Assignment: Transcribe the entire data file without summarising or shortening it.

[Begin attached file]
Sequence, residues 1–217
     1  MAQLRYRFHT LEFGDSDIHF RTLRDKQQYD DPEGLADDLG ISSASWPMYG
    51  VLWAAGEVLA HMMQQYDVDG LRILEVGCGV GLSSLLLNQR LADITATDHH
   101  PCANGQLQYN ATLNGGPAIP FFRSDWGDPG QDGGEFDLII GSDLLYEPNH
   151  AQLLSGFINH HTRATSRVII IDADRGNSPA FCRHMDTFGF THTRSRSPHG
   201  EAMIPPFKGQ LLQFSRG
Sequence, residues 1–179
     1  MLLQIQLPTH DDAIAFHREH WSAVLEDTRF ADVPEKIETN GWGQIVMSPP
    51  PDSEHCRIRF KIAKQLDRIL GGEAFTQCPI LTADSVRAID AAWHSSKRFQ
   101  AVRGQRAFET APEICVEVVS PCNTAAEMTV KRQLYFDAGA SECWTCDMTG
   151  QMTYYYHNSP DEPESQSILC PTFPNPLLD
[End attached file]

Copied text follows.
Sequence, residues 1–217
     1  MAQLRYRFHT LEFGDSDIHF RTLRDKQQYD DPEGLADDLG ISSASWPMYG
    51  VLWAAGEVLA HMMQQYDVDG LRILEVGCGV GLSSLLLNQR LADITATDHH
   101  PCANGQLQYN ATLNGGPAIP FFRSDWGDPG QDGGEFDLII GSDLLYEPNH
   151  AQLLSGFINH HTRATSRVII IDADRGNSPA FCRHMDTFGF THTRSRSPHG
   201  EAMIPPFKGQ LLQFSRG
Sequence, residues 1–179
     1  MLLQIQLPTH DDAIAFHREH WSAVLEDTRF ADVPEKIETN GWGQIVMSPP
    51  PDSEHCRIRF KIAKQLDRIL GGEAFTQCPI LTADSVRAID AAWHSSKRFQ
   101  AVRGQRAFET APEICVEVVS PCNTAAEMTV KRQLYFDAGA SECWTCDMTG
   151  QMTYYYHNSP DEPESQSILC PTFPNPLLD